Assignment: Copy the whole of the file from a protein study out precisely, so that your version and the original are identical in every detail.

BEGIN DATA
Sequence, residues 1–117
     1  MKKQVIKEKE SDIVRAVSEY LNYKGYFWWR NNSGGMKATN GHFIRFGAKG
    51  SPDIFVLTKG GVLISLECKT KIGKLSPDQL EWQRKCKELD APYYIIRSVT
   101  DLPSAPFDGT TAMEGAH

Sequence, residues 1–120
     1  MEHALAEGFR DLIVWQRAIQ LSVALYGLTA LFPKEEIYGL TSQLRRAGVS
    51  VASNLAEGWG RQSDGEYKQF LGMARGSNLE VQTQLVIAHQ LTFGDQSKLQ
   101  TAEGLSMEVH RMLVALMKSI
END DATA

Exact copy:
Sequence, residues 1–117
     1  MKKQVIKEKE SDIVRAVSEY LNYKGYFWWR NNSGGMKATN GHFIRFGAKG
    51  SPDIFVLTKG GVLISLECKT KIGKLSPDQL EWQRKCKELD APYYIIRSVT
   101  DLPSAPFDGT TAMEGAH

Sequence, residues 1–120
     1  MEHALAEGFR DLIVWQRAIQ LSVALYGLTA LFPKEEIYGL TSQLRRAGVS
    51  VASNLAEGWG RQSDGEYKQF LGMARGSNLE VQTQLVIAHQ LTFGDQSKLQ
   101  TAEGLSMEVH RMLVALMKSI